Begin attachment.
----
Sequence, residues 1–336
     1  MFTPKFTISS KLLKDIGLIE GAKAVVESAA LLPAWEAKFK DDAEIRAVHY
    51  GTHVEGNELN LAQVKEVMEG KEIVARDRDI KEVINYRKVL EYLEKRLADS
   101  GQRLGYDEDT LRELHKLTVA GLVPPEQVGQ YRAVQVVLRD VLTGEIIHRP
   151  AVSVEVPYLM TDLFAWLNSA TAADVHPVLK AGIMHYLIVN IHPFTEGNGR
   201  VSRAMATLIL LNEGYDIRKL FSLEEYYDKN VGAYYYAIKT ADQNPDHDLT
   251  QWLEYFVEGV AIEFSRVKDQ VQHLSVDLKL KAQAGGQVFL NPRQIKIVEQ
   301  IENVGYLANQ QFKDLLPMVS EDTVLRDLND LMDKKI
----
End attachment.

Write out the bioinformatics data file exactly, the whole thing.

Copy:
Sequence, residues 1–336
     1  MFTPKFTISS KLLKDIGLIE GAKAVVESAA LLPAWEAKFK DDAEIRAVHY
    51  GTHVEGNELN LAQVKEVMEG KEIVARDRDI KEVINYRKVL EYLEKRLADS
   101  GQRLGYDEDT LRELHKLTVA GLVPPEQVGQ YRAVQVVLRD VLTGEIIHRP
   151  AVSVEVPYLM TDLFAWLNSA TAADVHPVLK AGIMHYLIVN IHPFTEGNGR
   201  VSRAMATLIL LNEGYDIRKL FSLEEYYDKN VGAYYYAIKT ADQNPDHDLT
   251  QWLEYFVEGV AIEFSRVKDQ VQHLSVDLKL KAQAGGQVFL NPRQIKIVEQ
   301  IENVGYLANQ QFKDLLPMVS EDTVLRDLND LMDKKI